Looking back at the 10 biggest social justice protests by athletes over the last 20 years

Before you go, we thought you'd like these...
Before you go close icon

Colin Kaepernick's national anthem protest is what's in the news today, but is just the latest in a long line of athletes protesting social injustice.

Dating back decades, sports has often been used as a platform to raise larger, more complex issues to a general audience.

SEE ALSO: Tim Tebow opens up about his transition to baseball

Especially in recent years, athletes have been willing to engage in conversation and take a stand when it comes to issues that matter off the field.

Below are 10 example, pre-Kaepernick, of athletes taking a stand for something they believe in -- in ways that everybody may not agree with, but in ways that got a conversation started.

10 biggest sports protests of the last 20 years
See Gallery
10 biggest sports protests of the last 20 years

1996:  Mahmoud Abdul-Rauf protests the National Anthem

Before Colin Kaepernick, NBA guard Mahmoud Abdul-Rauf was the athlete who made news for protesting during the pregame playing of the national anthem. 

The flag is "a symbol of oppression, of tyranny," he said. "This country has a long history of that. I don't think you can argue the facts." 


2001: Shawn Green doesn't play on Yom Kippur

Beginning in 2001, then-star outfielder Shawn Green -- a Jewish player -- made it clear that he would not play on Yom Kippur, which often coincided with his teams' playoff chases.


2004: Delgado sits for 'God Bless America'

In 2004 and 2005, in protest of the wars the United States was engaged in, Carlos Delgado began to remain in his team's dugout during the seventh-inning playing of "God Bless America."

"I never stay outside for 'God Bless America,'" Delgado said. "I actually don't think people have noticed it. I don't (stand) because I don't believe it's right, I don't believe in the war."

Delgado dropped his protest upon being traded to the Mets before the 2006 season.

(REUTERS/Ray Stubblebine/FILE RFS/ME/GN)

2010: Suns wear 'Noche Latina' jerseys in light of Arizona's immigration law

In 2010, Arizona passed strict immigration law that, some argued, encouraged racial profiling. In response, the Suns welcomed their Hispanic fans by donning "Los Suns" jerseys.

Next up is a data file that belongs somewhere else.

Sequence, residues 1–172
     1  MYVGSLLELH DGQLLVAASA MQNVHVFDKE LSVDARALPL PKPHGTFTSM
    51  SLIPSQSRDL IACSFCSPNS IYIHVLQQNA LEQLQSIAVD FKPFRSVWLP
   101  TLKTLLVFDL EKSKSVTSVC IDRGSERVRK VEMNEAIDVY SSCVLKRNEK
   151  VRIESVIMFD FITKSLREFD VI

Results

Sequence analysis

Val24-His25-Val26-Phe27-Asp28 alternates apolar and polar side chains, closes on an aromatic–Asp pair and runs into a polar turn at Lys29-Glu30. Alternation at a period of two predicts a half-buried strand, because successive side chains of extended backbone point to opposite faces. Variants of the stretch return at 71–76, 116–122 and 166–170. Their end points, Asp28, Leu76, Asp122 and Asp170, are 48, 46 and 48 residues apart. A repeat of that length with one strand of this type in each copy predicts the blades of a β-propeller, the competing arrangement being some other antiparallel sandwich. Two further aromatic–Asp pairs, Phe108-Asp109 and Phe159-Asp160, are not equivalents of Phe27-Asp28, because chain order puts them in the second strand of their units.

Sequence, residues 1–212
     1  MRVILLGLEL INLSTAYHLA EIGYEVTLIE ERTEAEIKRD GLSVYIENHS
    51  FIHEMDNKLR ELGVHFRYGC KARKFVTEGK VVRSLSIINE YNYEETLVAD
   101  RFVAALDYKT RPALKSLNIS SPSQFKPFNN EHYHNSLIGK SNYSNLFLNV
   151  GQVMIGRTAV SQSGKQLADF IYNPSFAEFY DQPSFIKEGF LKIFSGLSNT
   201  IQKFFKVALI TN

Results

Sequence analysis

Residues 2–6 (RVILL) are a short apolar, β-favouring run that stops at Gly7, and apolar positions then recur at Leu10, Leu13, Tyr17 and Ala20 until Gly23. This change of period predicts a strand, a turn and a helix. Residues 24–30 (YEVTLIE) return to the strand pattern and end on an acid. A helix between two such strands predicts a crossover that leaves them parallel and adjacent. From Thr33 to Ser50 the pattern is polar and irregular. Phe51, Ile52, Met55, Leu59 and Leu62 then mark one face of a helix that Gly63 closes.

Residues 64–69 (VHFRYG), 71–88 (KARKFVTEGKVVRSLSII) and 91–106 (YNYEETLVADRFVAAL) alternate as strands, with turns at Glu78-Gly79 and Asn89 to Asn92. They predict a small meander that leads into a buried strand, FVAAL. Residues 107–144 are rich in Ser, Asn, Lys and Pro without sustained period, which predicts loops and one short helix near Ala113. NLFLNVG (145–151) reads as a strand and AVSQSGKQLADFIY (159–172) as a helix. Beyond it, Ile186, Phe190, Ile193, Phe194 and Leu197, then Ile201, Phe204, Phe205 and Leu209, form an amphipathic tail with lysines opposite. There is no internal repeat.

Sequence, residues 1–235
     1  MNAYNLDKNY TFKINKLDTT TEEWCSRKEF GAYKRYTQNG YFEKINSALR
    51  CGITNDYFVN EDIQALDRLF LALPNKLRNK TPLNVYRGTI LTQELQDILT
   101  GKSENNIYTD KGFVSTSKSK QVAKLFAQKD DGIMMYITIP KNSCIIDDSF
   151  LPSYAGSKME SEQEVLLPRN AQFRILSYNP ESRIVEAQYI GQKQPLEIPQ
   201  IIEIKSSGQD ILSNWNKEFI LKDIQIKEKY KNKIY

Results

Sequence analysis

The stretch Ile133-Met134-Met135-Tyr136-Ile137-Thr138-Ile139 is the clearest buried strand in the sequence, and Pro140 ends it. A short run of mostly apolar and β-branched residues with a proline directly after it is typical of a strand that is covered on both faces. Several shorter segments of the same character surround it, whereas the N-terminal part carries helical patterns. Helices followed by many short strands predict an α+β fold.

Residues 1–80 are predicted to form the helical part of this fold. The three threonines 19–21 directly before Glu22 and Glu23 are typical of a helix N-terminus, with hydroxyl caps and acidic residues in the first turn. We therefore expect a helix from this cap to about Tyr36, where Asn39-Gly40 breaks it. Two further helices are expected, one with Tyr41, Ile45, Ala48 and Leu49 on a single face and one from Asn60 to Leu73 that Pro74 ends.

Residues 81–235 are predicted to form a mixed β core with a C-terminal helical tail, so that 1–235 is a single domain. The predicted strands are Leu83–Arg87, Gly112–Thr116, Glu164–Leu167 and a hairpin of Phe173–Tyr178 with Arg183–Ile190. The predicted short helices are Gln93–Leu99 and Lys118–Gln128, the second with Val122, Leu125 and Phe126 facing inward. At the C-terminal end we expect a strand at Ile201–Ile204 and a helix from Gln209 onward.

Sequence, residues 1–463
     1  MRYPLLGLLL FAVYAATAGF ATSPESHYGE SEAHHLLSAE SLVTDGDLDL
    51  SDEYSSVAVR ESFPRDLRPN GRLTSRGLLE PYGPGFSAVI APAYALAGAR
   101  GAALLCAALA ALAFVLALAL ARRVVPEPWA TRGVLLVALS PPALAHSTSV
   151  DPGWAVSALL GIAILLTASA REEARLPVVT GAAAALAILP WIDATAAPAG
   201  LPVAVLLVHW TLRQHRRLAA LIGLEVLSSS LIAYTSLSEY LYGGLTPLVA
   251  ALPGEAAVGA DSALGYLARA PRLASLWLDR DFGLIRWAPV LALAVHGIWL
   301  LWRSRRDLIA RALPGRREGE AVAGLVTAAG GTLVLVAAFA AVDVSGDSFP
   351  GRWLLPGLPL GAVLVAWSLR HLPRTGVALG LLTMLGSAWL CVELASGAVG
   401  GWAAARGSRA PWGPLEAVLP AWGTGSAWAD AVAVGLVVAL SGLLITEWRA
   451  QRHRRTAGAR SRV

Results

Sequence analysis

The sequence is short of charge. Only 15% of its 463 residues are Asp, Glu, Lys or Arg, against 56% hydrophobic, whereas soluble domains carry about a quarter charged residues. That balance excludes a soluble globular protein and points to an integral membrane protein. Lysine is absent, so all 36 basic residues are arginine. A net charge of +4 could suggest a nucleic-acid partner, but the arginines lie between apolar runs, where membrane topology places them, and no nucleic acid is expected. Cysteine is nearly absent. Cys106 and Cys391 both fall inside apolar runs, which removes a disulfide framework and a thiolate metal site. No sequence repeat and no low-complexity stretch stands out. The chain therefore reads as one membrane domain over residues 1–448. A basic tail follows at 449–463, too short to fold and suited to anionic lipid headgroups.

(Photo by Christian Petersen/Getty Images)

2014: NBA players wear hoodies for Trayvon Martin

After Florida teenager Trayvon Martin was killed in February 2012, various NBA players took to social media to post pictures of themselves donning hoodies -- which Martin was wearing at the time of his death -- to bring awareness to the circumstances surrounding the shooting.

2014: NBA players wear 'I Can't Breathe" warmups

After Eric Garner, a New York man, died at the hands of the NYPD while being placed in a chokehold, various NBA players and teams took the court for warmups wearing shirts that read "I Can't Breathe" -- Garner's plea for help while being choked and held to the ground.

(AP Photo/Frank Franklin II, File)

2014: Clippers protest Donald Sterling

After a recording of then-Clippers owner Donald Sterling making several racially insensitive statements leaked online, a move for his ouster was started by several important figures around the league. Before a playoff game, Clippers wore their warmup t-shirts inside-out to hide the team's logo. 

Sterling was permanently banned from the league, and forced to sell the Clippers, later that year.

(AP Photo/Marcio Jose Sanchez)

2014: Rams players put their hands up for Michael Brown

After the shooting and killing of Michael Brown, a black teenager, with his hands in the air by a Missouri police officer, the "hands-up" gesture became a tribute to Brown and a sign to spread awareness of the various issues that led to his death.

(AP Photo/L.G. Patterson, File)

2015: Missouri football team backs hunger strike on campus

In 2015, members of the Missouri campus engaged in a hunger strike, targeted toward forcing school president Tim Wolfe to step down after years or promoting a racist environment. The football team then halted all team activities until Wolfe was removed. He resigned on Nov. 9, 2015.

(Photo by Michael B. Thomas/Getty Images)

2016: WNBA Black Lives Matter protests

After the killing of two African American men, Alton Sterling and Philando Castile by police officers, WNBA players took the court for warmups in clothing that supports the two men, Black Lives Matter, and the slain Dallas police officers. 

 (AP Photo/Mark Lennihan)


Follow us on Facebook, Instagram and Twitter.

Read Full Story

From Our Partners